While we take pride in forging unexpected alliances on specific issues to advance animals’ interests – whether with SeaWorld, United Egg Producers, or even in the world of horse racing with the Jockey Club – we also focus plenty of energy on working with companies that have a well-established commitment to engaging with us on animal issues.
Bon Appétit Management Company (BAMCO) has long breathed life into the notion of the “humane economy” and made animal welfare a core value of its business. The food management company runs more than 650 dining locations at colleges, universities, museums, corporate headquarters, stadiums, and other venues, and it was one of the first big food sellers to switch to cage-free eggs, crate-free veal, and gestation-crate-free pork, and also to make plant-based foods a priority.
The company’s CEO, Fedele Bauccio, served on the renowned Pew Commission on Industrial Farm Animal Production and has published numerous pieces calling for an end to factory farming. The company’s vice president, Maisie Ganzler, has spoken at press conferences with me on Prop 2 and has used her position within the industry to push suppliers and to demand improved standards of care for farm animals.
Today, I’m proud to announce the next step on Bon Appétit’s journey with us in creating a more humane food system. Building up on the company’s previous efforts, Bon Appétit has now updated its animal welfare policy to include the following measures:
- Eliminating tail docking of dairy cows within its supply chain immediately.
- Working with its main pork supplier—which has already eliminated the inhumane growth promoter ractopamine and is moving to group sow housing—to eliminate farrowing crates (often used during weaning even in gestation-crate-free operations), to add enrichment for all the pigs, and to eliminate tail docking and castration or to use painkillers during the procedure.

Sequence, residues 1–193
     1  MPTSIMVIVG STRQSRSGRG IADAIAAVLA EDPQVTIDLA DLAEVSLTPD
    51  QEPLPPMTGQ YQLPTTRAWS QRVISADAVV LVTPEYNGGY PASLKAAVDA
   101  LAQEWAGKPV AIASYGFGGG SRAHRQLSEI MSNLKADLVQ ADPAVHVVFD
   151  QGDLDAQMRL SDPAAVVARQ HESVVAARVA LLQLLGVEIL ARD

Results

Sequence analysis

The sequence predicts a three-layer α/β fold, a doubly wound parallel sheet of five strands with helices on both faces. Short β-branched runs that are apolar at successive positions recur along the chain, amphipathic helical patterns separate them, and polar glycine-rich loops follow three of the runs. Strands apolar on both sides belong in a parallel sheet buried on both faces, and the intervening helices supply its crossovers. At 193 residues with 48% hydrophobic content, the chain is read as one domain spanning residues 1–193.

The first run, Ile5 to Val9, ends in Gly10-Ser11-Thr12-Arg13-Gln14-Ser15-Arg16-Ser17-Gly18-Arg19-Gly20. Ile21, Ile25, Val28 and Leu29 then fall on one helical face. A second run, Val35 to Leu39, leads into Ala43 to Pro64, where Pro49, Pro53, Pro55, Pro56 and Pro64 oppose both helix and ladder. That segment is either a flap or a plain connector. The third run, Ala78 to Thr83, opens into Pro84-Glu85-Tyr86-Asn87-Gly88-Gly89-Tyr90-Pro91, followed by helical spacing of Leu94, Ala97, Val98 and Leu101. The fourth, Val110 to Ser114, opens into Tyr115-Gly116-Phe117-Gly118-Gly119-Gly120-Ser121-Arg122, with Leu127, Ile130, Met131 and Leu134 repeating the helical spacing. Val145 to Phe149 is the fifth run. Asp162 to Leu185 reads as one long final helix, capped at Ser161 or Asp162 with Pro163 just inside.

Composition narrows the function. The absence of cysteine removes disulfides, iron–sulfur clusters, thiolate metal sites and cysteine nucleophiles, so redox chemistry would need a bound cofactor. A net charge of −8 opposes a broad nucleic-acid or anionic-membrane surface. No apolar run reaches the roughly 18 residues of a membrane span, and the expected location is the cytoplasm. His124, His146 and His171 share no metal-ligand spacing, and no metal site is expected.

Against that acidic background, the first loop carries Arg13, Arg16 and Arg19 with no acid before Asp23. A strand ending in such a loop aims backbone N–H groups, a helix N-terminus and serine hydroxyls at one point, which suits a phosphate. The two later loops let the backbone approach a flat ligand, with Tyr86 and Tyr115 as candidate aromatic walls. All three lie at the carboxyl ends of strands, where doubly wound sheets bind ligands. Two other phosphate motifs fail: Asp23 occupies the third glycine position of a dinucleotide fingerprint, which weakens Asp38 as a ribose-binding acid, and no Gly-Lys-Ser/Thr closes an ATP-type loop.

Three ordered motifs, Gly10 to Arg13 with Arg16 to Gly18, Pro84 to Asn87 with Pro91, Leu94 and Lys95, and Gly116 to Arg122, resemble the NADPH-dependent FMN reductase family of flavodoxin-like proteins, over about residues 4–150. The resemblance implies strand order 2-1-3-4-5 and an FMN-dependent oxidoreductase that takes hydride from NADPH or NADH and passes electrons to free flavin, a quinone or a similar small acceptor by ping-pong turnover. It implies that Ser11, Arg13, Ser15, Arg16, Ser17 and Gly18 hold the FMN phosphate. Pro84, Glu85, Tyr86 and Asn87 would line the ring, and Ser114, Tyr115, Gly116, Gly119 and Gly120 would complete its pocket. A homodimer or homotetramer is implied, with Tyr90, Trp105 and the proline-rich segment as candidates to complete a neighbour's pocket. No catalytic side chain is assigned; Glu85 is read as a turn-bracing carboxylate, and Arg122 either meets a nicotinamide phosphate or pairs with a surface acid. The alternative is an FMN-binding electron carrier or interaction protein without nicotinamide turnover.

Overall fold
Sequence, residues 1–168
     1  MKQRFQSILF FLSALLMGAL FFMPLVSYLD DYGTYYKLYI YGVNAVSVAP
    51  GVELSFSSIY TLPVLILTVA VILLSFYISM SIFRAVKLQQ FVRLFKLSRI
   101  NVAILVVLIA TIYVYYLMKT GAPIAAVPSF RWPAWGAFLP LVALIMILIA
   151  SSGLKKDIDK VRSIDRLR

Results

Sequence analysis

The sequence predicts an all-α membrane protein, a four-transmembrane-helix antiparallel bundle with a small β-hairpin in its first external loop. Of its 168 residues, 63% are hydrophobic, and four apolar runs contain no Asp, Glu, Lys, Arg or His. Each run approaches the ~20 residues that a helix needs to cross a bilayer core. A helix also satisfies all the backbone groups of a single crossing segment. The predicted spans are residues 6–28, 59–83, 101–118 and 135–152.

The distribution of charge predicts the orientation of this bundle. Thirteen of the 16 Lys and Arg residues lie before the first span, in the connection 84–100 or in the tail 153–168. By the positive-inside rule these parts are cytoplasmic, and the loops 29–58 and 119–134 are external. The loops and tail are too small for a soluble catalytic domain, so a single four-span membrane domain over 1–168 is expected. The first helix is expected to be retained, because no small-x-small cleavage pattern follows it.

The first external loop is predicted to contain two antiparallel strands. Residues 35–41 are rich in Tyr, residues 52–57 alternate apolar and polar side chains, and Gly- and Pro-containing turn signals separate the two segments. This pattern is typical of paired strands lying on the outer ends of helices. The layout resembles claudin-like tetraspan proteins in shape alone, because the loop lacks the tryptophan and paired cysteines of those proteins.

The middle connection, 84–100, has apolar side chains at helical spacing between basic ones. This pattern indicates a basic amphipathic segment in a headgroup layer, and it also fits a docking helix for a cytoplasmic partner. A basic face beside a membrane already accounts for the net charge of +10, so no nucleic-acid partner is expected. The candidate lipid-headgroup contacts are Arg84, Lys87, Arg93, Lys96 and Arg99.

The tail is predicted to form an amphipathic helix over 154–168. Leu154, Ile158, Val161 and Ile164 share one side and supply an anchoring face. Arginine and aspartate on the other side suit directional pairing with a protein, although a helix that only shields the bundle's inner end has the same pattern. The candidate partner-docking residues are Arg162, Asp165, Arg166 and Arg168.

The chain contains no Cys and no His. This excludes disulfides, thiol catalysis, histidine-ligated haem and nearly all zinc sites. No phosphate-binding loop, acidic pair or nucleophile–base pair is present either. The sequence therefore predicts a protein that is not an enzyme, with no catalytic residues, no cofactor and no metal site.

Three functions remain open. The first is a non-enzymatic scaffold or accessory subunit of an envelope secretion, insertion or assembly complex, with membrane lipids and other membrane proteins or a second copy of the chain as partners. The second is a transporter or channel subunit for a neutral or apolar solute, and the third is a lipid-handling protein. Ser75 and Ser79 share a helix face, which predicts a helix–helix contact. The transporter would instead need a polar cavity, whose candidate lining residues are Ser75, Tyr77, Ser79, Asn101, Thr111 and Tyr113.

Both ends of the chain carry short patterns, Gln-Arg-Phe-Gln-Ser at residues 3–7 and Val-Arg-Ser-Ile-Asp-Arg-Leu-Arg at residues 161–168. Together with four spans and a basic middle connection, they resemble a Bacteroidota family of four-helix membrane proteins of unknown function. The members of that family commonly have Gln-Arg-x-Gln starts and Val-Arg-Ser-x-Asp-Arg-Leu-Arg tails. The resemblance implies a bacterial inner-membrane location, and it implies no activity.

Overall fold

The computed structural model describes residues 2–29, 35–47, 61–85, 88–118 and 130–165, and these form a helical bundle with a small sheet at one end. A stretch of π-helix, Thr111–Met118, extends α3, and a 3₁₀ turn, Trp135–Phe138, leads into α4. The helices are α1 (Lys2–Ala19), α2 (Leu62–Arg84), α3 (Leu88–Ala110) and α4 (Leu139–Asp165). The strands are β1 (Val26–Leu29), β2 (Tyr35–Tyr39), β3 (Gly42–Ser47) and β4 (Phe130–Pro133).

- Shrinking portion sizes of the meat it serves, and offering up more meat-free meals to incent its customers to reduce meat consumption
Finally, in what is clearly its biggest step to date, the company is increasing the percentage of chicken meat it purchases from suppliers that use healthier breeds of chicken known as “slow-growing.” Today, commercial breeds of birds have been genetically manipulated to grow so fast that they routinely suffer from lameness and even heart attacks at just a few weeks of age – when they should have the vigor of any young animal. Slowing down the unnaturally rapid rate of growth can address this issue. In addition, BAMCO is going to work with its poultry producers to offer enrichment for the birds, like perches, straw bales, and pecking objects; lower the stocking density (so birds aren’t as tightly crammed together); and eliminate the cruel process of shackling birds while they’re alive during slaughter. The company is among the first to adopt these commitments for “broiler” chickens (those used for meat), along with the animal-welfare leader Whole Foods Market, which has more than 400 supermarkets around the country.
The humane economy requires pioneers – the companies that are first in and that demonstrate that not only is a high commitment to animal welfare the right thing to do, but it’s also workable and profitable. Bon Appétit Management Company and Whole Foods are reminding us that even after animals are freed from cages and crates, we have other farm animal welfare business to attend to – including the inherent problems with the breeding and housing of chickens in the meat industry. Given there are nearly nine billion birds raised for meat, it’s one of the biggest areas of opportunity for reducing animal suffering.